Amnon Zechroni: Champion of Civil Liberties and Legal Luminary
Amnon Zechroni (1935 - October 12, 2017, 22nd of Tishrei, 5778) was an Israeli attorney, one of the early conscientious objectors to military service, and a leftist activist who tirelessly fought for freedom of expression and human rights. He served as legal counsel to prominent figures in Israeli public life.
Amnon Zechroni was born and raised in Tel Aviv during the British Mandate period. In his youth, he edited the school newspaper. He attended the Geula High School, where he was an outstanding student and founded a literary club.
In his early years, he leaned towards right-wing ideologies and distributed pamphlets for the Irgun, a Jewish paramilitary organization. However, during high school, he underwent what he described as a "transformation." Upon his enlistment in the Israel Defense Forces (IDF), he requested to serve in a unit with minimal combat training due to his pacifist beliefs.
Nevertheless, he was assigned to the Givati Brigade and sent to officer training. In this unit, he also faced challenges in obtaining a vegetarian diet. Initially, he refused to pledge allegiance to the IDF, and later, he refused to serve altogether. In March 1954, he refused an order and was discharged, becoming one of the first conscientious objectors in the IDF, driven by his pacifist convictions. He was imprisoned and sentenced to seven months of confinement.
On May 28, 1954, he embarked on a 24-day hunger strike in a military hospital and a military prison. His hunger strike garnered extensive media coverage, and then-Prime Minister Moshe Sharett intervened. Contrary to the position of Defense Minister Pinchas Lavon, Zechroni's punishment was lightened, and he served as a translator and editor in the IDF Intelligence. During his hunger strike, he was represented by attorney Mordechai Stein from the Third Force Movement, where Zechroni became active later on. In 1955, he was involved in the struggle for civil marriages in Israel.
Legal and Public Career
Zechroni began his legal career in the 1960s. In 1958, he completed his Bachelor's degree in law at the Hebrew University, and in 1960, he was admitted to the bar. In 1965, he was one of the founders of "This World - A New Force," led by Uri Avnery.
He served as the movement's secretary in the Knesset and as its legal advisor in the Seventh Knesset. Due to his influence, he was referred to as "MK-121." Zechroni also served as the legal advisor for the newspaper "This World" and was politically active in left-wing organizations advocating for freedom of expression.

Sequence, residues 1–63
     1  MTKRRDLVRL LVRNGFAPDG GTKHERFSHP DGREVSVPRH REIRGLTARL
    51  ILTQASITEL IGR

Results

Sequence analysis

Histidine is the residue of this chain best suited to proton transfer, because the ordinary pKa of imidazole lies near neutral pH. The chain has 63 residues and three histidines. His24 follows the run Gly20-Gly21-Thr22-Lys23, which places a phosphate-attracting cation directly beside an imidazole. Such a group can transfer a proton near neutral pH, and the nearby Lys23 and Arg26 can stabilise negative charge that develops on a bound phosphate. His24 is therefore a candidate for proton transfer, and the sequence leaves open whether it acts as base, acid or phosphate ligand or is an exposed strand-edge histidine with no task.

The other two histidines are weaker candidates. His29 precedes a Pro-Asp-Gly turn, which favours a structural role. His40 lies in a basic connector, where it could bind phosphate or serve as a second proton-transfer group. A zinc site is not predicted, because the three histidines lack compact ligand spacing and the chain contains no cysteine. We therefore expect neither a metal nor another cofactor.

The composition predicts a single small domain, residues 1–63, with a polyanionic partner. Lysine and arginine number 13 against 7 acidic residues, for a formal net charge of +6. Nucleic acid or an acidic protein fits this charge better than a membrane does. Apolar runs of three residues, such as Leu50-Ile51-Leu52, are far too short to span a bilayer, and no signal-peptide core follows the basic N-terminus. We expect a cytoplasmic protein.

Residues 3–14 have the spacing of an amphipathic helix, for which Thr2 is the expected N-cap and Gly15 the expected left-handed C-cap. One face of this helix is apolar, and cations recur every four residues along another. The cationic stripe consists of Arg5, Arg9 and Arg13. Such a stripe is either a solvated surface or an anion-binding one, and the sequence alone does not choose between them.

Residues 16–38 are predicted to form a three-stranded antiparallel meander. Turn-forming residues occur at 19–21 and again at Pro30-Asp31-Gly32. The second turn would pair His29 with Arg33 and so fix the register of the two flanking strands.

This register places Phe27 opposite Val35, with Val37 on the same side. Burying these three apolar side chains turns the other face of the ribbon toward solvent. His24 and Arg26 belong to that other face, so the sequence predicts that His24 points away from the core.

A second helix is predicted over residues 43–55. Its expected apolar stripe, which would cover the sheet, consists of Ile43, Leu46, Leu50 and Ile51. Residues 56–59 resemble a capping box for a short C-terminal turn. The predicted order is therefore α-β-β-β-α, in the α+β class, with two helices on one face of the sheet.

In the same year, he represented Uri Davis, who was arrested for entering a restricted area to assist Arabs in their struggle against land expropriation. Following the Six-Day War, Zechroni underwent a significant ideological shift, joining the IDF as a legal officer.
In the 1969 elections, he was the third candidate on the "This World" party list but failed to secure a seat in the Knesset. In the 1973 elections, he was the second candidate on the same list, but the party did not surpass the electoral threshold. In 1977, he was a co-founder of the Sheli (Peace for Israel) Party.
Subsequently, Zechroni focused more on his legal career and became one of Israel's well-known attorneys. In the 1980s, he served as the defense attorney for nuclear whistleblower Mordechai Vanunu. Later, he also defended Azat Naffsu, an IDF officer accused of espionage. Zechroni represented Naffsu in an appeal to the Supreme Court, and the case led to Naffsu's acquittal after it was revealed that members of the Shin Bet (Israel Security Agency) lied in court.
He later represented spy Simon Leviev (1991), who provided information to the Soviet Union in exchange for money, and businessman Nahum Manbar (1997), who was convicted of selling materials to Iran. During the trial, Zechroni alleged that Judge Amnon Strashnov, the romantic partner of the State Attorney Elyakim Rubinstein, and the Attorney General Edna Arbel had acted improperly, accusing them of compromising the judicial system. He also served as the legal counsel for politicians Aryeh Deri and Shlomi Lahiani.
Despite his radical leftist stances, Zechroni had close ties to the Israeli security establishment. Due to his involvement in sensitive cases, he received a high-level security clearance.
In the 1980s, he worked on the release of the Aroba sons in Lebanon and was involved in negotiations for the release of Ron Arad, in a deal that was supposed to include the release of Israeli spies Shabtai Kalmanovich and Marcus Klingberg but was ultimately canceled. He also served as an advisor to Prime Minister Yitzhak Rabin on matters concerning captive soldiers and missing persons.
Throughout his career, Zechroni collaborated with prominent legal figures such as Avigdor Feldman, Dror Ard-Illan, and Dov Hanin.
Zechroni was a regular panelist on the television program "Diary," a Friday news magazine show on Channel One alongside Uri Dan. He was also one of the regular panelists on the radio program "Middle East Magazine" on Reshet Bet.
In 2014, it was reported that Zechroni faced financial troubles and was investigated for extortion related to his connections with criminal attorney Eitan Haiya, whom he represented and borrowed 100,000 shekels from.
Amnon Zechroni was married to Miri, and they had two children and six grandchildren. He passed away from heart failure at his home in Hod Hasharon on October 12, 2017, at the age of 82, and was buried in the city cemetery.
1. "Against 119: Uri Avnery in the Knesset (1969)"
- אמנון זכרוניhe.wikipedia.org